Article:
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THE IMPACT OF THE DECLINE IN OIL PRICES ON THE ECONOMICS, POLITICS AND OIL INDUSTRY OF VENEZUELA. By Francisco Monaldi

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THE IMPACT OF THE DECLINE IN OIL PRICES ON THE ECONOMICS, POLITICS AND OIL INDUSTRY OF VENEZUELA By Francisco Monaldi SEPTEMBER 2015 b CHAPTER NAME ABOUT THE CENTER ON GLOBAL ENERGY POLICY The Center on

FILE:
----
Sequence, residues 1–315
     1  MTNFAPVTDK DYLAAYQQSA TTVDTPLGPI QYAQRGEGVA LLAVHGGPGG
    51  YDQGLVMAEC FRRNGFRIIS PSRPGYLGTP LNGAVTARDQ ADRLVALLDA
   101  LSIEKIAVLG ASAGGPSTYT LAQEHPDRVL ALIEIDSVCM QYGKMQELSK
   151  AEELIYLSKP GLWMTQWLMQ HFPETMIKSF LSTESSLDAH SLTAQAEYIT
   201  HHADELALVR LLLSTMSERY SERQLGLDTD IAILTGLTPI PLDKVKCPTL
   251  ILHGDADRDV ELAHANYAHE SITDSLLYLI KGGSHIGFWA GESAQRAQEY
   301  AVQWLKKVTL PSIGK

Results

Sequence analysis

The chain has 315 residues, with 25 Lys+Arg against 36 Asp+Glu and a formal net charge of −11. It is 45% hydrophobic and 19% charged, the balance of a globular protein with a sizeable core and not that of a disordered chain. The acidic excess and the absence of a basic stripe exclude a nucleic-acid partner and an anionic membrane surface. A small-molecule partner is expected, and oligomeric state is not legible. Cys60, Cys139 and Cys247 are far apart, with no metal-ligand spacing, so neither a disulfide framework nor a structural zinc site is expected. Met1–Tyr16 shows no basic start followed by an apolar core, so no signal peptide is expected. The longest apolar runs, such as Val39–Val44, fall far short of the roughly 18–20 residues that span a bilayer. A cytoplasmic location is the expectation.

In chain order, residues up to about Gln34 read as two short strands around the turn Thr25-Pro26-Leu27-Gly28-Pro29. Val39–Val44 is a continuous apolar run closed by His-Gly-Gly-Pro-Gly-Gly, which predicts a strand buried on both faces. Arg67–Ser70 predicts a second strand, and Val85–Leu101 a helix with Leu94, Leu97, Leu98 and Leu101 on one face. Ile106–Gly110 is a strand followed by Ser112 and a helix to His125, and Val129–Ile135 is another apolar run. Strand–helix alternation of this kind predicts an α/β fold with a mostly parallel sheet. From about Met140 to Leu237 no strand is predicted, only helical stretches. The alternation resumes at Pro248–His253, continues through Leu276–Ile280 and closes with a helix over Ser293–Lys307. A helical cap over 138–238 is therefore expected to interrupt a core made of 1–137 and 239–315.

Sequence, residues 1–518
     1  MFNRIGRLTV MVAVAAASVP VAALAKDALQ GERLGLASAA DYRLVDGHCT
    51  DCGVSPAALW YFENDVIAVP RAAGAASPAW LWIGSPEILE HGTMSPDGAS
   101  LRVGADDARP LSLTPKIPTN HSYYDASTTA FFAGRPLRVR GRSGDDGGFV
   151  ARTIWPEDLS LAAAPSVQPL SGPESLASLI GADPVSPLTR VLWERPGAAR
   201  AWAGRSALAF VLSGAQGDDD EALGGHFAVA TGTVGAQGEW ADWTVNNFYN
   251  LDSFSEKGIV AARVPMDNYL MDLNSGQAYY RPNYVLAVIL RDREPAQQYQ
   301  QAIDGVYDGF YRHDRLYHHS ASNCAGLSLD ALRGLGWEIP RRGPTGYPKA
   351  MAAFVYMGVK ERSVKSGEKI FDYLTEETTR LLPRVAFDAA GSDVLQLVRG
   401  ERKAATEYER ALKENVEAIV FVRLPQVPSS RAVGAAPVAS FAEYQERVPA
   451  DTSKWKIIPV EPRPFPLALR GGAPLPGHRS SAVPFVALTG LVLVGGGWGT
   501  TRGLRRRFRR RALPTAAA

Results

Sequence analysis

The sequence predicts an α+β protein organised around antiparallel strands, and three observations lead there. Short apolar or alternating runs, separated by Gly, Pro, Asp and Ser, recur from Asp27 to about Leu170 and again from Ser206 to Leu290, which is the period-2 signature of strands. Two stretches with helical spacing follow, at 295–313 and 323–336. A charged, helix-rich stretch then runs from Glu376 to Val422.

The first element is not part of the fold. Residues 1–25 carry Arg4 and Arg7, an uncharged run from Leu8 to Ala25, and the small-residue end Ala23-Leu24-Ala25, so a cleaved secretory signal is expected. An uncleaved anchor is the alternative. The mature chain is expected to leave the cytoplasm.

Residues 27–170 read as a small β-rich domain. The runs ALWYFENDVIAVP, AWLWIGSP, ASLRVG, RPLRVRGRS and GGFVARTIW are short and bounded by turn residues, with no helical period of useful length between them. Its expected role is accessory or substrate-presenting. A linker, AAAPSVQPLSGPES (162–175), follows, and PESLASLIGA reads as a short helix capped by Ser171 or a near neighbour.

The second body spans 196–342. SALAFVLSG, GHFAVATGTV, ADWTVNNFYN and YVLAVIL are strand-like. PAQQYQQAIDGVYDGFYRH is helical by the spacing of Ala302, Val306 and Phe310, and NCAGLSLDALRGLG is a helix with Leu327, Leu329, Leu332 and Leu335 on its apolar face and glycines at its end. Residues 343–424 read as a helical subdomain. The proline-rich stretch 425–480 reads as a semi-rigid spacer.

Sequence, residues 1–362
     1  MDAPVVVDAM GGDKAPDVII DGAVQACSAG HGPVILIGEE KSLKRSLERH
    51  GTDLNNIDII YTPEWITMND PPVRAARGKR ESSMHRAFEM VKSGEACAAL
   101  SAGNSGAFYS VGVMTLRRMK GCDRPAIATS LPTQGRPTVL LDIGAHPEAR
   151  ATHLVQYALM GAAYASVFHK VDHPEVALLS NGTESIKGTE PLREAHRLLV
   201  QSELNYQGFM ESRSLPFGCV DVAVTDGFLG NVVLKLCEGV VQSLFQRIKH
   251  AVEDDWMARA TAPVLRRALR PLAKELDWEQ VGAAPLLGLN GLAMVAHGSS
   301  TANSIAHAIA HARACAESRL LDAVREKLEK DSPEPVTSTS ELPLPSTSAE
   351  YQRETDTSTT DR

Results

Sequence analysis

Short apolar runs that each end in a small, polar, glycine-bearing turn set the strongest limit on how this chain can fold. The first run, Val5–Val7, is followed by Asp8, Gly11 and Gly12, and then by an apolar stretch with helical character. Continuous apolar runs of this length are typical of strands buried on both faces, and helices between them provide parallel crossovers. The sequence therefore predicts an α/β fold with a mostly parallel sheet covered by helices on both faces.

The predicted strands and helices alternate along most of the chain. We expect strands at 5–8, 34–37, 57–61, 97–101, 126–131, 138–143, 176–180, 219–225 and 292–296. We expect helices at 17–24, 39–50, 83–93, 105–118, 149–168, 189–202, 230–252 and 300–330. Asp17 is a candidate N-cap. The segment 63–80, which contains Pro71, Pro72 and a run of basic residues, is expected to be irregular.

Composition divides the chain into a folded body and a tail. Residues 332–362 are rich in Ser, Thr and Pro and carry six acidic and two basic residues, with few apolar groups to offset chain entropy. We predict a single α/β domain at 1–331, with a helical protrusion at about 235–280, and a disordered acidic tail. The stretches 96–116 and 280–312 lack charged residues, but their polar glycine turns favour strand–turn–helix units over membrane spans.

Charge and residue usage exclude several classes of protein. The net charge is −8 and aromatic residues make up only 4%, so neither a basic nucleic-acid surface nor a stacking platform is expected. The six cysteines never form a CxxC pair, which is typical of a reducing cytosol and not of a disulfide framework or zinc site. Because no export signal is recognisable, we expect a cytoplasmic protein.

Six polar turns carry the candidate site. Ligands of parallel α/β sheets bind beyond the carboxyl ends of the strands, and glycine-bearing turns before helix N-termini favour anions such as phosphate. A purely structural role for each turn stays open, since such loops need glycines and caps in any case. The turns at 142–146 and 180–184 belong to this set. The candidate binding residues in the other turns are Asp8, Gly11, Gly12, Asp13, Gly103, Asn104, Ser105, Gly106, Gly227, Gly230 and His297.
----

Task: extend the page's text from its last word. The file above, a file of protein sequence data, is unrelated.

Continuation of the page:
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THE IMPACT OF THE DECLINE IN OIL PRICES ON THE ECONOMICS, POLITICS AND OIL INDUSTRY OF VENEZUELA By Francisco Monaldi SEPTEMBER 2015 b CHAPTER NAME ABOUT THE CENTER ON GLOBAL ENERGY POLICY The Center on Global Energy Policy provides independent, balanced, data-driven analysis to help policymakers navigate the complex world of energy. We approach energy as an economic, security, and environmental concern. And we draw on the resources of a world-class institution, faculty with real-world experience, and a location in the world s finance and media capital. Visit us at energypolicy. columbia.edu facebook.com/columbiauenergy twitter.com/columbiauenergy ABOUT THE SCHOOL OF INTERNATIONAL AND PUBLIC AFFAIRS SIPA s mission is to empower people to serve the global public interest. Our goal is to foster economic growth, sustainable development, social progress, and democratic governance by educating public policy professionals, producing policy-related research, and conveying the results to the world. Based in New York City, with a student body that is 50 percent international and educational partners in cities around the world, SIPA is the most global of public policy schools. For more information, please visit THE IMPACT OF THE DECLINE IN OIL PRICES ON THE ECONOMICS, POLITICS AND OIL INDUSTRY OF VENEZUELA By Francisco Monaldi* SEPTEMBER 2015 *Francisco Monaldi is Baker Institute Fellow in Latin American Energy Policy and Adjunct Professor of Energy Economics at Rice University, Belfer Center Associate in Geopolitics of Energy at the Harvard Kennedy School, Professor at the Instituto de Estudios Superiores de Administracion (IESA) in Caracas, Venezuela, and Founding Director of IESA s Center on Energy and the Environment. Columbia University in the City of New York energypolicy.columbia.edu SEPTEMBER ACKNOWLEDGMENTS The author thanks Armando Flores and Maria Gabriela Salazar for research assistance and Igor Hernandez, Jeremy Martin, Luisa Palacios, Lisa Viscidi, and Matthew Robinson for useful comments on an earlier draft of this paper. This policy paper represents the research and views of the author. It does not necessarily represent the views of the Center on Global Energy Policy. The paper may be subject to further revision. 2 CENTER ON GLOBAL ENERGY POLICY COLUMBIA SIPA EXECUTIVE SUMMARY While the collapse in oil prices since mid-2014 has stressed the economies of the majority of oil exporting nations, Venezuela stands out as one of the hardest hit among its peers. After a decade of some of the most favorable economic conditions in the nation s history thanks to a relatively prolonged period of strong oil prices and low international interest rates, the country was already in difficult economic straits before the oil price drop over the past year. President Hugo Chávez ( ) used the income from high oil prices to dramatically boost domestic consumption and to increase his power at home and abroad, while building up foreign debt and without generating any significant rise in productive investment. His successor, Nicolás Maduro, has been unwilling to take the tough decisions that the situation demands, with disastrous economic consequences. The country is more dependent on oil than ever, but the oil industry is in poor condition with production declining and margins thinning. Since 2013, oil policy has become more pragmatic and investor friendly, but it is unlikely to bring significant results in the short term. The problematic trends in the oil sector are hard to reverse when oil prices have significantly declined and the country is strapped for cash. Still Venezuela s extraordinary resource endowment offers significant opportunities if the country can be politically stabilized and the institutional and policy environment improve. This paper provides an examination of the difficulties facing Venezuela in light of its dependence on revenues from the oil exports and the issues facing the energy sector, which have become more acute in the lower price environment seen over the past year. In short this paper finds: Venezuela s oil production has declined more than 350,000 barrels per day (b/d) since 2008 to around 2.6 million b/d. Critically, exports have declined even more, because domestic consumption and smuggling have been increasing and thus the exportable surplus has been falling. Net exports have fallen to close to 1.8 million b/d, and shipments that generate cash flow are significantly smaller due to the heavily subsidized sales to some Latin American and Caribbean countries and the loan repayments to China. In , Venezuelan state oil company PDVSA got cash flow from only about million b/d. Higher value conventional oil production is also falling, and only output from lower value extra heavy oil is rising. PDVSA was in bad financial shape even before the oil price collapse, and since it began it has become much worse. The company will probably have to cut investments in real terms at the time it needs them the most. PDVSA s financial debt has dramatically increased, and other liabilities have also grown significantly. The cash flow deficit of PDVSA in 2015 can be projected at between US$12 and 20 billion depending on the price of oil and the exchange rate used to estimate it. Under these stressful conditions, the government has become much more pragmatic and it is trying hard to create the conditions to boost foreign investment in oil and gas. PDVSA is also pushing for measures to improve its cash flow. The subsidized sales to Caribbean and Latin American countries have significantly decreased in 2015, the cash flow that returns to the company from the oil sent to China in repayment for loans has increased, there is a public discussion about raising the gasoline price, and the company is asking to be allowed to increase the amount of dollars that it sells at the more depreciated exchange rate. Overall, attracting investment in a low oil price scenario is going to be difficult due to a variety of above-ground challenges that remain present, including the lack of credibility of the institutional framework, the cash limitations of PDVSA, the macroeconomic and political instability, the widespread crime and corruption energypolicy.columbia.edu SEPTEMBER issues, and the over-reached capacities of PDVSA s human resources. Total production is most probably going to remain stagnant in the short term and is highly unlikely to increase significantly in the next two to three years. Venezuela s macroeconomic crisis will likely get worse for lack of adjustment in an election year. There is even a small probability of hyperinflation and a much higher probability of debt default in Political instability may increase. The legislative elections should produce a majority for the opposition that could intensify the confrontation and might lead to a push to recall the president in a referendum in CENTER ON GLOBAL ENERGY POLICY COLUMBIA SIPA INTRODUCTION During the last high oil prices cycle which ended in mid-2014 some oil exporters were more prudent than in the past, saving and investing more of the windfall, and taking advantage of the price environment to increase oil production. Venezuela was not one of those. In fact, after arguably a decade of the most favorable external conditions in its history, the country was in terrible shape even before the oil price decline in Venezuela s economic performance during the Bolivarian Revolution (1999 present) has been poor, having one of the worst per capita growth rates and the highest inflation in the region, despite receiving the largest resource windfall. The populist presidency of Hugo Chávez ( ) used the income from high oil prices to dramatically boost domestic consumption and to grow his power and influence at home and abroad. He not only spent most of the profits without generating any significant rise in productive investment, but he also rapidly increased the foreign debt. The macroeconomic imbalances generated by higher social spending during the extended electoral cycle in made necessary a severe adjustment even during peak oil prices, but Chávez s successor, Nicolás Maduro, has been unwilling to take the tough decisions that the situation demands, with disastrous economic consequences. Legislative elections in December 2015 make unlikely any serious macro adjustment beforehand. The country is more dependent on oil than ever, but the oil industry is in poor condition with production declining and margins thinning. Since 2013, oil policy has become more pragmatic and investor friendly, but it is unlikely to bring significant results in the short term. The problematic trends in the oil sector are hard to reverse when oil prices have significantly declined and the country is strapped for cash. Still Venezuela s extraordinary resource endowment offers significant opportunities if the country can be politically stabilized and the institutional and policy environment improve. energypolicy.columbia.edu SEPTEMBER ECONOMIC AND POLITICAL OUTLOOK Venezuela was among the most vulnerable of the major oil producers in terms of its macroeconomic situation when the price of oil collapsed in Even at peak oil prices in , the country was running very high public sector deficits of around 17% of GDP, the foreign debt was increasing at an unsustainable pace, the domestic currency was severely overvalued, shortages of basic goods were widespread, and a recession had begun. Paradoxically, this precarious situation was generated during the largest oil income in the history of the country. At 304% of GDP, Venezuela received the largest commodity windfall in Latin America in compared to a regional average of 120% for net commodity exporters. 1 In contrast, it had one of the lowest GDP per-capita growth rates and the highest average inflation rate in the region (and more recently the world, with an official figure of 68.5% in 2014) (Figure 1). Poverty did decrease significantly in , along with a consumption boom that boosted the president s popularity, but the recent crisis is leading to an increase in poverty to levels similar to those that existed in the late 1990s. In addition, Venezuela demonstrated imprudent macroeconomic behavior during the high price cycle relative to many other oil exporters, as its net external position actually worsened. Venezuela s foreign exchange reserves only rose by US$7 billion in , a period in which accumulated exports were more than US$850 billion according to the Central Bank of Venezuela. In addition, the external public debt went from US$37 billion in 1998 to US$ 102 billion in 2013, according to official figures. At the same time, Venezuela s economic dependency rose with the price during the boom period. Oil has represented 90 96% of exports during the last 7 years, compared to 60 70% in the late 1990s. Meanwhile fiscal revenues from oil represent more than 60% of total government s revenues, compared to less than 50% during the late 1990s. Paradoxically, oil exports (measured in volume) declined approximately 30% between 1999 and 2014, so revenues are increasingly more dependent on the oil price (Figure 2). In addition, the meager non-oil GDP performance during Chávez s tenure and the massive expropriation wave that started in 2006 left the Venezuelan private sector Figure 1: GDP per capita growth and inflation Source: World Bank. 6 CENTER ON GLOBAL ENERGY POLICY COLUMBIA SIPA much weaker than in the past, with private investment having a significant decline of 20% between 1998 and 2010, from an already very low level. As a result, the government is more reliant on the oil industry and the largely inefficient state-owned enterprises (SOEs) to generate revenues and future growth. Still, the consumption bonanza, allowed by the increasing imports that were fueled by the surge in oil export revenues and the increase in foreign debt, enabled the president to have relatively high levels of popularity and easily win reelections in 2006 and In the case of the presidential contest of 2012, a consumption boom was engineered using different tools that would later aggravate the existing distortions, such as price controls, exchange rate controls, and significant interventions in labor and financial markets. Total public sector expenditures reached a historical high of around 51% of GDP, while the public sector deficit reached 17.5% of GDP in that election year. 2 To a large extent, the growth in expenditures was financed through a twofold increase in the money supply between 2010 and Imports of goods rose by 27%, with a severe overvaluation of the official exchange rate, which closed at only 25% of the black market rate in President Chávez was terminally ill during the 2012 campaign and died in March 2013 shortly after the date he was supposed to initiate his new term. A month later Nicolás Maduro, his anointed successor, won a highly contested election with less than a 2% margin amid accusations of significant abuse of the incumbency advantage and widespread electoral irregularities. The macroeconomic imbalances generated by the 2012 electoral cycle on steroids, prompted the need for a major adjustment even before the oil price collapse. The following year, when the Venezuelan oil export basket was close to $100 per barrel, the economy experimented slower growth, public sector deficit remained at close to 17% of GDP and the exchange rate gap widened (see Figure 3). Partly due to the weak political position of the new president, a serious adjustment program never materialized, but the combination of a small devaluation and a significant quantitative restriction on imports brought the country to stagflation. Figure 2: Oil exports vs. non-oil exports Source: Central Bank, BP Statistical Review of World Energy (2015). energypolicy.columbia.edu SEPTEMBER The plunge in oil prices that began in mid-2014 could not come at a worse time. With a decline in the price of the Venezuelan basket of close to 50% and a record-low popularity of the government in a year with legislative elections, the much needed adjustment measures seem elusive. Morgan Stanley estimates that with an oil barrel at US$ 60, Venezuela could experience for the first time in 15 years have a deficit in its current account leading to a total financing gap of more than US$ 17 billion. Due to the high dependence on foreign goods, import cutbacks will lead to higher levels of scarcity, strong contractions in production and consumption, and a three-digit inflation rate, as a result of exchange rate devaluations and deficit monetization. The IMF is estimating a fall in GDP of 7% in On the political side the country has been in a volatile transitional period from the strong-handed presidency of Chávez, a charismatic and popular president with an approval rating of close to 60% in 2012, to a much weaker successor, Maduro, whose popularity has fallen from above 50%, when he won in April 2013, to around 22 28% by mid As the economy tanks, the country has been in an increasing state of unrest, which led to significant protests in 2014 and the arrest of one of the main opposition leaders, Leopoldo López on charges of promoting violence. Legislative elections are set for the end of As of July the opposition held a lead over the government of more than 20 points in the polls, which would imply a change in control of the unicameral National Assembly in The government could get more seats than their share of voting due to malapportionment (over-representation of rural areas) and gerrymandering (manipulation of the electoral districts), but there is a limit to what they can do within the boundaries of legality to avoid a serious defeat. However, in an extremely polarized country in which the government controls all major levers of power, including the military, the electoral authority, and the judiciary, many things could happen before there is a transition to a new government. Figure 3: Public sector deficit vs. oil prices Source: Oficina de Estadísticas de las Finanzas Públicas (OEFP), Ecoanalítica. 8 CENTER ON GLOBAL ENERGY POLICY COLUMBIA SIPA The current outlook for the Venezuelan economy is similarly gloomy as it depends highly on an improvement in oil revenues in the short term. This is unlikely since even the most optimistic oil price forecasts for the end of 2015 ($80 85 per barrel for the US oil) are very far from the fiscal breakeven of $170 per barrel in 2014 and oil production is stagnant. Even if the country manages to postpone a major adjustment and close the financing gap this year, 2016 promises to be a very challenging year with unpopular and harsh measures to be taken after the legislative elections. Rating agencies reports and credit default swaps estimate a high probability of default. 4 Without a return of higher oil prices, one of the few options left to improve the economy in the medium term is raising oil production. However, as will be shown in the next section, the outlook for an oil production increase is not too rosy either. energypolicy.columbia.edu SEPTEMBER THE VENEZUELAN OIL INDUSTRY OBSTACLES STILL GREAT POTENTIAL, BUT WITH MANY OBSTACLES The Venezuelan oil industry wasted an amazing opportunity to increase investments and production during the price boom of the last decade. The country has an extraordinary geological endowment of unconventional extra-heavy oil resources in the Orinoco Belt region, as well as a much smaller but still significant conventional reserves in traditional production areas (Figure 4). 5 It also has potential in shale oil and off-shore natural gas. At the high oil prices that prevailed during this period, the proved reserves could have been monetized with a large margin of profitability, but the necessary investments did not materialize. Quite the contrary, production has been steadily declining due to lack of investment and the depletion of the older conventional fields. This is a tragic story of great potential with dismal performance SOME WORRISOME PRODUCTION AND REVENUE TRENDS During the last few years the opportunity provided by Venezuela s immense resource endowment and high prices contrasted with a series of worrisome trends. The first and more obvious trend is the production decline. Different sources provide different levels of oil production, but they all coincide on the downward trend. Conservative estimations show production has declined more than 350,000 barrels per day (b/d) since 2008 and more than 800,000 b/d since its peak level in Current crude production is estimated at million b/d with an additional 100,000 b/d in other liquids. Notice that this production fall occurred while proven reserves dramatically increased with the incorporation of unconventional resources and oil prices skyrocketed (Figure 4). Figure 4: Oil production, consumption, and reserves Source: BP Statistical Review of World Energy (2015). 10 CENTER ON GLOBAL ENERGY POLICY COLUMBIA SIPA The second trend is the fall in net oil exports, which have declined even more than production, because domestic consumption and smuggling have been increasing and thus the exportable surplus has been falling. Net exports have fallen more than 1.1 million b/d since the peak level in 1998, to their current level of close to 1.8 million b/d. The country has been increasingly importing products (and more recently light oil) for an average of about 150,000 b/d, both for domestic consumption and for blending with extraheavy oil to re-export. Third, exports that generate cash flow are significantly smaller due to the heavily subsidized exports to some Latin American and Caribbean (LAC) countries, most significantly Cuba, which has received close to 100,000 b/d over the past several years. In addition, PDVSA s cash flow generating exports are also reduced by the barrels it has to send for repayment of the loansfor-oil deals largely with China (and smaller amounts to other countries). The domestic market,